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A Go Figure Debut for a Math Person Who's New (to me, anyway)!

Today, I debut a math teacher who is new to me, but through TPT has become a colleague.  Brittany is from Colorado; so, she named her store The Colorado Classroom - a very fitting name in my opinion.

Brittany shares that when she was eight years old, her second grade teacher had a remarkable effect on her. This teacher showed her how a teacher could truly inspire students. Ever since then, her desire has been to be a teacher and to try to emulate her.

She has taught 6th grade for almost her entire teaching career, but in two very distinct ways. Her first teaching position was at a charter school where she taught 6th grade for eleven years; however, at this school sixth grade was considered an elementary grade.  This meant she taught all the disciplines. Seeking a new challenge, she moved to teaching sixth grade math at a local middle school.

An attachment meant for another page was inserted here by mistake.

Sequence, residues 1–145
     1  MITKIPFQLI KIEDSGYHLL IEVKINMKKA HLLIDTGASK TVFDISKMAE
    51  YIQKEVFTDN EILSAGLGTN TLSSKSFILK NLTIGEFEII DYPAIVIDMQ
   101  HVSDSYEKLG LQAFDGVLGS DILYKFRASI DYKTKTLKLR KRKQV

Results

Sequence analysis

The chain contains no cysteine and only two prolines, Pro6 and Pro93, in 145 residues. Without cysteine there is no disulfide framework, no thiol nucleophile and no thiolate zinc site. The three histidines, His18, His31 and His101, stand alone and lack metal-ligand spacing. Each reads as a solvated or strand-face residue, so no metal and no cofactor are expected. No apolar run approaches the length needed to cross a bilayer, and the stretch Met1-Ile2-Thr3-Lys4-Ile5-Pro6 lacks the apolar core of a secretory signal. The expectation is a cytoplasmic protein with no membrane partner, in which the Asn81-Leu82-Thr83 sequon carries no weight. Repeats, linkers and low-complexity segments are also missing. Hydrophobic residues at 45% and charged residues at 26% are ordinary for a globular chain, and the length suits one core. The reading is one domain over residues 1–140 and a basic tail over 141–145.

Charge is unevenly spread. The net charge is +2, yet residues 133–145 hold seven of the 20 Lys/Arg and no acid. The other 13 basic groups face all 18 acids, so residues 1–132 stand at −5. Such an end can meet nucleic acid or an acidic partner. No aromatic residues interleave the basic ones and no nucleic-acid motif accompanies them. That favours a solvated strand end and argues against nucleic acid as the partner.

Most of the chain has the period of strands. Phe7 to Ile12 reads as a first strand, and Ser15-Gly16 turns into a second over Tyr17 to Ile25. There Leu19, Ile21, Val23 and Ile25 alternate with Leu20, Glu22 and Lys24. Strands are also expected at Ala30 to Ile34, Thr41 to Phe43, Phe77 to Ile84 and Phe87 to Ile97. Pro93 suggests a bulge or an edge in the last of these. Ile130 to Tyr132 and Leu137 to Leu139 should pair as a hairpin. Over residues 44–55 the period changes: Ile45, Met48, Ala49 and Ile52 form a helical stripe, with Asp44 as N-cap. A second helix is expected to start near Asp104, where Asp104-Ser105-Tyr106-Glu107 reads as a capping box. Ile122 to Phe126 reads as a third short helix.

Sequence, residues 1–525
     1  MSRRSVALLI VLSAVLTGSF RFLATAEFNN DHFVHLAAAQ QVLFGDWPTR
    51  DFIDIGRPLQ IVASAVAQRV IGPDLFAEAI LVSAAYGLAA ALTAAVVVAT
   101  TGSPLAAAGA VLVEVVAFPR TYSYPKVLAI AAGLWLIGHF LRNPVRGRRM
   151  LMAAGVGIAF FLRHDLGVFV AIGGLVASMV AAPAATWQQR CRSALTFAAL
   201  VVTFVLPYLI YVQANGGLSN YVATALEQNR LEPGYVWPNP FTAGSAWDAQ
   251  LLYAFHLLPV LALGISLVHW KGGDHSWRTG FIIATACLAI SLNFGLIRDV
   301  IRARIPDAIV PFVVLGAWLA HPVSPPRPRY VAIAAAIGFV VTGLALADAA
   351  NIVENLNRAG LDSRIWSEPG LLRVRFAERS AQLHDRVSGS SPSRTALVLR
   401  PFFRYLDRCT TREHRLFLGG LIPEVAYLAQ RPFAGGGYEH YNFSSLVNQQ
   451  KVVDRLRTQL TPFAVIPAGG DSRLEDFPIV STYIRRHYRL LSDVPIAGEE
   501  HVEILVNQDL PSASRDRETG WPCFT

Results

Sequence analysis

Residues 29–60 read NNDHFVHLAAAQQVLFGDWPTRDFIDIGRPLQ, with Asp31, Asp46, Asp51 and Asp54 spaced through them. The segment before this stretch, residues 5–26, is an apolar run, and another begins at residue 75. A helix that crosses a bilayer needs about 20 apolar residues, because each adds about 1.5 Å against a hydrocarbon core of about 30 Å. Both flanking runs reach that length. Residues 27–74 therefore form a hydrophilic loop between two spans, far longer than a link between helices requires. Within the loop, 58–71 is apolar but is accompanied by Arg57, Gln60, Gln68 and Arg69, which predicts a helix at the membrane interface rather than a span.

Overall, she tends to use a variety of teaching styles based on the goals and objectives for each individual lesson. These vary from direct instruction and journaling, to student led creations, games, cooperative learning, and more. She really enjoys getting her students involved in their learning and making classroom activities hands-on.

You will find more than 200 resources in Brittany's Teachers Pay Teachers store. Many are math activities, but her store also showcases various resources for social studies. I especially like Overall Average, one of her free math resources since finding the average can be a tricky concept to master. It includes teacher notes and six practice problems as well as two complete example problems with a full answer key.